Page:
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Fewer homes are available for sale, leading to higher home prices in many markets across the country. Despite this, existing-home sales saw an increase in February after two months of declines. According to the National Association of Realtors (NAR), total existing-home sales reached 5.54 million in February, up 3 percent from January's sales of 5.38 million, and sales are 1.1 percent higher than at the same time last year. The South and West experienced considerable increases in existing-home sales, which more than offset slight declines in the Northeast and Midwest. According to Lawrence Yun, chief economist for the NAR, the positive gains in the labor market along with the consistently improving economy led to an increase in buyer interest. An increase in potential buyers makes now the ideal time to list a home.
By the end of February, there were 1.59 million existing homes available for sale. This is a 4.6 percent increase in inventory levels when compared with January. However, housing supply has fallen year over year for the past 33 months, and February was no exception; inventory fell 8.1 percent from February 2017's total of 1.73 million existing homes. At the current sales pace, unsold inventory would last only 3.4 months; in comparison, a year ago there was a 3.8-month supply. Homeowners looking to sell in the current housing market will be facing less competition for buyers' attention.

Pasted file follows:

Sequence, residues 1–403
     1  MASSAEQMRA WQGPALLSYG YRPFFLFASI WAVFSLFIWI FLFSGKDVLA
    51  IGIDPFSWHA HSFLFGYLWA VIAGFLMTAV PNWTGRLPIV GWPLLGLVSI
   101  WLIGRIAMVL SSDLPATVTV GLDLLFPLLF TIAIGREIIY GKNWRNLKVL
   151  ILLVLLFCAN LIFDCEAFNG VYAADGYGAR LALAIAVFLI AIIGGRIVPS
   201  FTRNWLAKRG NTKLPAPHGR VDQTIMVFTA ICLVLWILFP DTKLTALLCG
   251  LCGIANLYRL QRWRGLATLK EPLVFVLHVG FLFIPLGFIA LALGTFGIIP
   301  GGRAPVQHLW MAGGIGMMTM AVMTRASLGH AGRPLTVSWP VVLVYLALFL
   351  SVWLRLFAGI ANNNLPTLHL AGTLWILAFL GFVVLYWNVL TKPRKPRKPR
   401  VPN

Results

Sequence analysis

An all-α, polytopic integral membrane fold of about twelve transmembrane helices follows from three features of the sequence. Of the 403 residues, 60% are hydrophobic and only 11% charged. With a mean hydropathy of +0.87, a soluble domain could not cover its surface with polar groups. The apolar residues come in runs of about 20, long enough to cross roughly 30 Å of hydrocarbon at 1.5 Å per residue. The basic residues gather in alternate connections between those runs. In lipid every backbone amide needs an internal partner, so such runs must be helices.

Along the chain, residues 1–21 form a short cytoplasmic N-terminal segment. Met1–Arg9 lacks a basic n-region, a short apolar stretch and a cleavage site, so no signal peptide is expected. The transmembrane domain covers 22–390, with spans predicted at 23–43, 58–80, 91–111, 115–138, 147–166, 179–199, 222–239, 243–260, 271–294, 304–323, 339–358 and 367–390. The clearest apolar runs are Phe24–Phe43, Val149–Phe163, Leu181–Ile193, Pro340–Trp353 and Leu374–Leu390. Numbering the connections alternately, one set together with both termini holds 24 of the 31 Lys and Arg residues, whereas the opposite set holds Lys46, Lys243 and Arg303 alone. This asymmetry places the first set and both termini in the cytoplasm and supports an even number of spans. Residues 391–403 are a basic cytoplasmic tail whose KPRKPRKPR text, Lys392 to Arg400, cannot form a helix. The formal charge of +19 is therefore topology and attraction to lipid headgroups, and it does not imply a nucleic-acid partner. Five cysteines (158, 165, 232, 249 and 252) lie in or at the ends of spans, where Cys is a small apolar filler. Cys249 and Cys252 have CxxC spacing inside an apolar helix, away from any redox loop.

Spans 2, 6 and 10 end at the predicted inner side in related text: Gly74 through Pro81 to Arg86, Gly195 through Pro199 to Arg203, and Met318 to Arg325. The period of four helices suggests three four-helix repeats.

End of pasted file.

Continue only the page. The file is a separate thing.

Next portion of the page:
Higher Sale Profits
The lack of inventory, particularly in the West, led to an increase in home prices in February. Prices rose 5.9 percent from a year earlier, reaching $241,700. For the past 72 consecutive months, prices have increased year over year; however, higher prices are not deterring home buyers. In February, 46 percent of all homes were sold in less than a month. The average property spent 37 days on the market; in comparison, the average home spent 41 days on the market in January and 45 days in February 2017. The high prices combined with the swift sales pace are ideal market conditions for homeowners looking to list. There are concerns, however, surrounding housing affordability. According to Yun, "Mortgage rates are at their highest level in nearly four years, at a time when home prices are still climbing at double the pace of wage growth." To satisfy buyer demand and improve affordability, most markets across the country need an increase in listings.
Northeast - Existing-home sales annual rate of 640,000; a decrease of 12.3 percent from January 2018 and 7.2 percent from February 2017
Midwest - Existing-home sales annual rate of 1.22 million; a decrease of 2.4 percent from January 2018 and unchanged from February 2017
South - Existing-home sales annual rate of 2.41 million; an increase of 6.6 percent from January 2018 and 3.4 percent from February 2017
West - Existing-home sales annual rate of 1.27 million; an increase of 11.4 percent from January 2018 and 2.4 percent from February 2017